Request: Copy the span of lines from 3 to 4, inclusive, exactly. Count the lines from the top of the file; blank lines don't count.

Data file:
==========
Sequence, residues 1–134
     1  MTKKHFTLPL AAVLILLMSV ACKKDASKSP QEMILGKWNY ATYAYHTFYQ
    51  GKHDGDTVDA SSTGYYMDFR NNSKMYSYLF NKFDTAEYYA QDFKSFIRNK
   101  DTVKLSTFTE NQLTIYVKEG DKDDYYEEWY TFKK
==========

    51  GKHDGDTVDA SSTGYYMDFR NNSKMYSYLF NKFDTAEYYA QDFKSFIRNK
   101  DTVKLSTFTE NQLTIYVKEG DKDDYYEEWY TFKK